The yearlong restoration of Duke Chapel began May 11 with construction crews focusing on preparing Duke’s signature building to rehabilitate the limestone ceiling and replace its original roof. While the building is being worked on, Chapel services will be held in various locations on campus. For service details and answers to other questions, see our Restoration FAQs page.

June 2015 Update

 Ray WalkerPreparing Duke Chapel for Restoration

Work over the past month has ranged from removing all pews, furniture and original chandeliers to erecting large amounts of interior and exterior scaffolding for the ceiling restoration and roof replacement.

Extra care is being taken while removing the Chapel’s stained glass panels that comprise the windows. Seven stained glass windows are having their glass panels removed and cleaned and lead caning replaced at special stained glass studios.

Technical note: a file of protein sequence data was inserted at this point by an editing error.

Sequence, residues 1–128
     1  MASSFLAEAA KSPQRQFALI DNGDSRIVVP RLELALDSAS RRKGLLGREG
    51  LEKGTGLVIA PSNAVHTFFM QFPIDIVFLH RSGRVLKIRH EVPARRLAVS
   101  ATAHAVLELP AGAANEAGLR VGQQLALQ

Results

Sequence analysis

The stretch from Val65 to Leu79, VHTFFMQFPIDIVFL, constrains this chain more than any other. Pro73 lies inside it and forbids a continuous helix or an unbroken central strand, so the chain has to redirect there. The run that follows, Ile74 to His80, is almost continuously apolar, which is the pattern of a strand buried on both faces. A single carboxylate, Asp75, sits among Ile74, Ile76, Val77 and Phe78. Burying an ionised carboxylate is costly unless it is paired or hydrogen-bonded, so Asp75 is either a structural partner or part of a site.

This same care is applied to other aspects of the work, including covering and protecting the Aeolian (Chancel) and Brombaugh (Memorial Chapel) organ pipes and façade, (This work will be done on the Flentrop pipes and façade soon.) and removing the Chapel’s original 26 chandeliers. Each ceiling-mounted chandelier from the early 1930s has been removed and placed in its own box; the chain for each chandelier has also been removed and placed in its own box. Each piece is numbered so crews know where to re-install when work is completed.

In July, all scaffolding is expected to be erected and work will commence on restoring the Chapel’s limestone ceiling. Over the years, clay tile between the limestone ribs in the ceiling has aged, slowly absorbing moisture over the decades. As the tiles take in moisture from the air, they expand in their wishbone design, shifting pressure and creating a need for restoration. Engineers will carefully grind brittle mortar away - 3/8 of an inch between each limestone rib - and replace it with new, more flexible material.